Today marks 4 months! It has been 4 months since I had a life-saving Stem Cell Transplant at the National Institutes of Health, to fight my GATA2 Deficiency, a rare genetic disorder I was born with. Without the transplant, my body would likely have succumbed either to an opportunistic infection, bone marrow failure or an aggressive blood cancer. I’ve been lucky up to the point of my transplant, thanks to modern medicine. Thanks to the NIH, BeTheMatch, and my Anonymous Donor, I am here now and will hopefully look forward to a long and healthy life.
I wanted to take a moment and give an update systemically, about how things are going with my body; I hope to continue posts like this on a monthly basis. The idea for this was brought about after witnessing and feeling so many changes happening with and to my body between months 3 and 4, and I can only imagine how much things will continue to change moving forward. This is all new to me – perhaps other transplant patients may one day find these posts helpful as well.
Hair: It’s growing! It is weird to be outside and feel the sun on my (less) bald head. It’s even weirder to drive with the windows down and feel the breeze moving across my duckling fuzz (as I call it). Between months 3-4, I really noticed a tremendous amount of hair growth – on the top of my head, although the crown is still less fuzzy than the rest (think of an old man hairline), and even smaller hairs beginning to grow on my legs, arms and everywhere else. My eyebrows are beginning to fill in and I don’t know what’s more exciting – my eyelashes or the hair on my head. That’s a tough one. But my hair is here, it’s growing – and I’m excited to see how it continues to come in.
Andy think it will be an auburn brown. I’m holding out for hope to be the natural blond I always have been. Later in life, there may have been a few chemical alterations to help keep me blond, but that’s besides the point.
Skin: My skin continues to be dry. But I’m not struggling with any major rash or Graft vs Host Disease, so that’s good. I apply Metronidazole 2X per day for rosacea – I’ve noticed that if I miss even one application, my skin becomes highly sensitive, to the point where applying moisturizer burns. Suffice to say, I don’t miss applying my Metronidazole. The face lotions that seem to work the best for me are 1) CeraVe night lotion and 2) Eucerin Urea Repair and haven’t caused any issues (aside from burning upon application when I miss my rosacea medicine). I use Vanicream on my body 2X per day, paying special attention to my shoulders, upper arms and chest; it seems the areas where I had previous skin damage (sunburn, windburn, etc) are more sensitive now, and need additional cream. I’m happy to oblige. Occasionally I’ll have Andy help with my back. Vanicream sunscreen has also been helpful, and I anticipate I will use this more as the weather warms. Finally, Replens is a great non-estrogen/non-hormonal solution for intimate areas.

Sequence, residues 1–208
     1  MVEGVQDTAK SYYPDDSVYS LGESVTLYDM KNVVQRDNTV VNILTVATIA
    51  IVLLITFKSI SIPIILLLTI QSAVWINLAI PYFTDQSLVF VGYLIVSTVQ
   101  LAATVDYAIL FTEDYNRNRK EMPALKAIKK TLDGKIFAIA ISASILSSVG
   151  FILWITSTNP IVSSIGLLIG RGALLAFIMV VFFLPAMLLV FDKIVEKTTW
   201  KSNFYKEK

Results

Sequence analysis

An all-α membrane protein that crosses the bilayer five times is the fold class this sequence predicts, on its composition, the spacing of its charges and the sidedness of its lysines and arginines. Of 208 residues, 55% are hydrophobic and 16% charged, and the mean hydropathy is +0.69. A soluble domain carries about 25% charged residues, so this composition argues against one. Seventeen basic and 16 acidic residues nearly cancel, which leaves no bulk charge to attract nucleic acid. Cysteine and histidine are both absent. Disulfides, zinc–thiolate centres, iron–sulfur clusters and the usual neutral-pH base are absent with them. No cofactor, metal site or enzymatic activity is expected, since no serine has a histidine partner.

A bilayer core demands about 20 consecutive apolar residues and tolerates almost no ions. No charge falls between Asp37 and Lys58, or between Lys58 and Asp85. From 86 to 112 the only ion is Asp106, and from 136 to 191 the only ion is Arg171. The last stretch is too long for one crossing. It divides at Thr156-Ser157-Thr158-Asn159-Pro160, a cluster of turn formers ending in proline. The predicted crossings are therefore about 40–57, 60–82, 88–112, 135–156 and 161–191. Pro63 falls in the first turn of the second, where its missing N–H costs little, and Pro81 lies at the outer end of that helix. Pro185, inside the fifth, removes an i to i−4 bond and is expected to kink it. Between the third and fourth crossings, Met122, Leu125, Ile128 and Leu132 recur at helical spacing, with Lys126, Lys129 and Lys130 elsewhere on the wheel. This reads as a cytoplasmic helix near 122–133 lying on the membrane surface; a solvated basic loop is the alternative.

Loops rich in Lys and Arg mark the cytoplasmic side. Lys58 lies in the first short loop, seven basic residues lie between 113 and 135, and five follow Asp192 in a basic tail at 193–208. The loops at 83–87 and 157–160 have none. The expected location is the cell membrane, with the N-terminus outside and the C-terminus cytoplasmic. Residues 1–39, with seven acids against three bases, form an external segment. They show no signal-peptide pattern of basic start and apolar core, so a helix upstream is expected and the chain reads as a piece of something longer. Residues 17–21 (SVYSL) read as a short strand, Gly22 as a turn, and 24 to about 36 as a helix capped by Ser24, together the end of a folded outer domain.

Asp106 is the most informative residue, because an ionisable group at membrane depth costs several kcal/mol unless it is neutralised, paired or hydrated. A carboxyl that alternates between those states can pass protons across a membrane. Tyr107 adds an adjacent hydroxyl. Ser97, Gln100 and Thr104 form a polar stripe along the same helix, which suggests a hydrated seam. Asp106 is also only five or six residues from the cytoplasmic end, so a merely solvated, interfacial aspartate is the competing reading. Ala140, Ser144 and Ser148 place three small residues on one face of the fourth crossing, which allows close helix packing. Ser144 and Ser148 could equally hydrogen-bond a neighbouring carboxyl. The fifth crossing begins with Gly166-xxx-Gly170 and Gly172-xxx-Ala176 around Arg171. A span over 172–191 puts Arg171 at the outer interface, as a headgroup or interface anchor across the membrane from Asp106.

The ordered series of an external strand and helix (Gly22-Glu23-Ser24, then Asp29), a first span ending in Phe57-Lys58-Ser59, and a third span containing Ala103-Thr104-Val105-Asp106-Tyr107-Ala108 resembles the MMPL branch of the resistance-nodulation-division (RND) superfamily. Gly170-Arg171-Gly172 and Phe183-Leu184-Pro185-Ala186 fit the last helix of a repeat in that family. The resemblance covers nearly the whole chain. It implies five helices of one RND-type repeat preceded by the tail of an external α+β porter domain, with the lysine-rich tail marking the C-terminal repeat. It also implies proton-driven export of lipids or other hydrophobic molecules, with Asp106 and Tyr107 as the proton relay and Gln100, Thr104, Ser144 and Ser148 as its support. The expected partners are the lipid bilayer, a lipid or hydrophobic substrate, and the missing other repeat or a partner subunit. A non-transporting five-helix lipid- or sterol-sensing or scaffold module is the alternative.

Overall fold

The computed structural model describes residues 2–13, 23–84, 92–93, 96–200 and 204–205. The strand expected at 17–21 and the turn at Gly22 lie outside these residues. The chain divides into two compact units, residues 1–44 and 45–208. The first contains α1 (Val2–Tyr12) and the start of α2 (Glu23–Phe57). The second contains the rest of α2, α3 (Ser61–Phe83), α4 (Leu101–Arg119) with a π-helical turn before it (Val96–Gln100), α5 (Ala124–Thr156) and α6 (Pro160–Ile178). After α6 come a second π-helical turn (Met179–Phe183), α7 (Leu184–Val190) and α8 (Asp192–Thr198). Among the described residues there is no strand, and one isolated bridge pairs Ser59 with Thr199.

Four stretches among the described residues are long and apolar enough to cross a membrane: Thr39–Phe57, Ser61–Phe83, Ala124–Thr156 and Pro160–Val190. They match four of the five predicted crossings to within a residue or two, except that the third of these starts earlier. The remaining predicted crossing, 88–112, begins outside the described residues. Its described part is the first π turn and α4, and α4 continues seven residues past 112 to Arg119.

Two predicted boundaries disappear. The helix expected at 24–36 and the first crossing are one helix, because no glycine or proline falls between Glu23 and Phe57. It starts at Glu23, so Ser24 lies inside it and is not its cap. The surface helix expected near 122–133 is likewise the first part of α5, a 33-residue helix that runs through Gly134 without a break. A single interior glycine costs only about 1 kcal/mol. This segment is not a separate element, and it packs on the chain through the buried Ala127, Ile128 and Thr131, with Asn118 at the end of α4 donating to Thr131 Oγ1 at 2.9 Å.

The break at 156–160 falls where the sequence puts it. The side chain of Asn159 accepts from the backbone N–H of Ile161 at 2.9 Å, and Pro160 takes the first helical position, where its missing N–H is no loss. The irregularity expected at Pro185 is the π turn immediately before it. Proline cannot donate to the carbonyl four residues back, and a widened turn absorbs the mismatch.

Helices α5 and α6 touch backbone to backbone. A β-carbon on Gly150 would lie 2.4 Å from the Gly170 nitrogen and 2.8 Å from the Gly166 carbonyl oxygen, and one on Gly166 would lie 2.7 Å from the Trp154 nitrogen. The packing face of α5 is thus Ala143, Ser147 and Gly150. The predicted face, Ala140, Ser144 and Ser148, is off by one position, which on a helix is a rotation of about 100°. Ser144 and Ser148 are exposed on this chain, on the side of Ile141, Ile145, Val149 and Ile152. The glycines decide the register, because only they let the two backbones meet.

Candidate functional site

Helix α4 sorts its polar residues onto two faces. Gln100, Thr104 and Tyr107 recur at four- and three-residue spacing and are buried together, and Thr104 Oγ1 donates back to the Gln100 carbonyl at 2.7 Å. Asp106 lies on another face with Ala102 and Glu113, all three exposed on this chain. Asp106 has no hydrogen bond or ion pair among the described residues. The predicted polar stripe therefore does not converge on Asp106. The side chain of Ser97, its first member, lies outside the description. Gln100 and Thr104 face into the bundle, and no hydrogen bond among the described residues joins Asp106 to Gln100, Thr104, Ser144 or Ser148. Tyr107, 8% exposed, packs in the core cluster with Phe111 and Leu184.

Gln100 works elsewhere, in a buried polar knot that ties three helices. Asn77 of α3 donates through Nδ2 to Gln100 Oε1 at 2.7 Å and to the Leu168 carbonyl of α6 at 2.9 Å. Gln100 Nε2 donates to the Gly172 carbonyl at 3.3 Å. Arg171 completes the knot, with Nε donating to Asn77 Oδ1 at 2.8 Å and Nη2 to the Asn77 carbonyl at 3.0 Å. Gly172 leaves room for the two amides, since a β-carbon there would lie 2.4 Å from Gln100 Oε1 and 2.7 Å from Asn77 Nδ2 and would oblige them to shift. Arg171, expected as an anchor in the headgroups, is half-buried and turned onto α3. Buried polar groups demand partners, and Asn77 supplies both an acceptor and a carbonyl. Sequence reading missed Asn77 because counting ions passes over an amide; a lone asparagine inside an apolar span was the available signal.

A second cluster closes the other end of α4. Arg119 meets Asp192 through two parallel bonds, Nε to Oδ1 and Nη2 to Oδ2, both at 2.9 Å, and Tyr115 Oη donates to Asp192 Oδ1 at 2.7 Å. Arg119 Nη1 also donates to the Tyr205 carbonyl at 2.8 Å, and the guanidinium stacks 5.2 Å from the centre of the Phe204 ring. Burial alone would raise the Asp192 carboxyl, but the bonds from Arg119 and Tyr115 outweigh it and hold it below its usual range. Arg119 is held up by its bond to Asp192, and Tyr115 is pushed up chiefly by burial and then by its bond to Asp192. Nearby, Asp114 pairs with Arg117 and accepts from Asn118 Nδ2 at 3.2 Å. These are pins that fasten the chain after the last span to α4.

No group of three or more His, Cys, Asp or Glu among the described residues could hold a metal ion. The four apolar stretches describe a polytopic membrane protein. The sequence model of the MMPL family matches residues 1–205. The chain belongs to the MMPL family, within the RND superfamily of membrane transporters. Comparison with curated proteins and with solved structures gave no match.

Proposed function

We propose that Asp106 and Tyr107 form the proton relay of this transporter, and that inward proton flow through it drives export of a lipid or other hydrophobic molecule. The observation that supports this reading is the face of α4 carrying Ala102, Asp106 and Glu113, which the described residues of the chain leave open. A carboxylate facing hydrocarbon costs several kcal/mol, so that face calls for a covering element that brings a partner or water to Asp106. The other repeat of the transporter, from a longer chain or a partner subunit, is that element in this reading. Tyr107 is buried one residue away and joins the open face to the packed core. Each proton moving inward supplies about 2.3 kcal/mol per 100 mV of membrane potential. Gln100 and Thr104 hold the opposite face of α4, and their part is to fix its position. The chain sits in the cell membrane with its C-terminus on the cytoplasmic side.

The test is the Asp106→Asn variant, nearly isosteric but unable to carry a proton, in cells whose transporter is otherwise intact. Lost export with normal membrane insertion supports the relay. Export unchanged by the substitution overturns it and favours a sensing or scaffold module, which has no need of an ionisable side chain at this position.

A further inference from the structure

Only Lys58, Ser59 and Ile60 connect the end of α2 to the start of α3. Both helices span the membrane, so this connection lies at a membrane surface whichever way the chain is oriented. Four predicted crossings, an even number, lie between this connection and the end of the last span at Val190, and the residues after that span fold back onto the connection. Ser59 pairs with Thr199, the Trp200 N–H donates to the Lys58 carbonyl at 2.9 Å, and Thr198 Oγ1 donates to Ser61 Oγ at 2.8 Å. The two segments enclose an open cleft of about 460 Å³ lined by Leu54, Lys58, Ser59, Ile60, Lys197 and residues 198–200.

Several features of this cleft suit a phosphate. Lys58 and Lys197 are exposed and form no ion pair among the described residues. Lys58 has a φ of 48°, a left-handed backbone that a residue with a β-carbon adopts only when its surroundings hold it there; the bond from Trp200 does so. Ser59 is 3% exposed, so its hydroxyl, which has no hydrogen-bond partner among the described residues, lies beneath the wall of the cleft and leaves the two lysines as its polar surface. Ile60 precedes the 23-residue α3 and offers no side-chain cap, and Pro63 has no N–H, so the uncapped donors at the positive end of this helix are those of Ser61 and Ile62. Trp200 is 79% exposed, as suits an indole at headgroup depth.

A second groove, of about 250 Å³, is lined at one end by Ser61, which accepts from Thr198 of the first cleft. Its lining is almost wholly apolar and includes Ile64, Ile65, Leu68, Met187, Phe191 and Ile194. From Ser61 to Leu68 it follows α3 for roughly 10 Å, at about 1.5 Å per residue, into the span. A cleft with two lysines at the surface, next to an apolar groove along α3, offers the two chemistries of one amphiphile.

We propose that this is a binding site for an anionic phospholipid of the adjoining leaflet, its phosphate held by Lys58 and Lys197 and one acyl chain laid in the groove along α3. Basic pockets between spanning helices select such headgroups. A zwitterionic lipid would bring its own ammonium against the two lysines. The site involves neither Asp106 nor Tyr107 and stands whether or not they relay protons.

I rarely need to use Hydrocortisone or Triamcinolone at this point, both of which are topical steroid creams, but I have them just in case my skin develops a rash. Both creams tend to thin the skin, and even if a small rash develops, I’ll usually just keep an eye on it, make sure to keep the area moisturized. If the rash continues to grow or gets itchy, then I’ll re-evaluate and start with Hydrocortisone (the lesser potent of the two). I guess I’m trying to stay on that “less is more” approach. My body has been through so much. Lastly, I apply Petroleum Jelly as needed – rougher spots, sometimes behind my ears, and even over my lips and the cracks on the sides of my lips before bed.
Dryness: I wanted to put this in – yes, my skin is dry, absolutely. But so too are my eyes, mouth, lips and nose. Food texture and taste are different still, and meat in general just feels and tastes wrong. I wish I had another word for it, but I don’t. Its actually hard for me to eat, unless disguised in something else (turkey in soup, pulled chicken in Mac & Cheese, for example). Foods that tend to be more dry and nearly impossible to eat, turning to a sawdust-like consistency in my mouth. I tend to stick with soups and things with moisture. I also love stronger flavors (still), but have to be careful of overly spicy things.
I’ve been wearing my contacts a tad more, though after a few hours my eyes can get super dry. I use moisturizing drops as needed; it would be more helpful though, if I was actually consistent with using my Restasis drops. That’s the one medication I tend to just plain forget.
Gastrointestinal: No major issues here, aside from a blowout while hiking the other day. Eh. I scaled back the Colase and hopefully that does the trick. Seriously, my GI system has been OK. I take medicine to help with acid reflux, and while I still experience a wave or two of nausea, I’m not currently taking anti-nausea meds.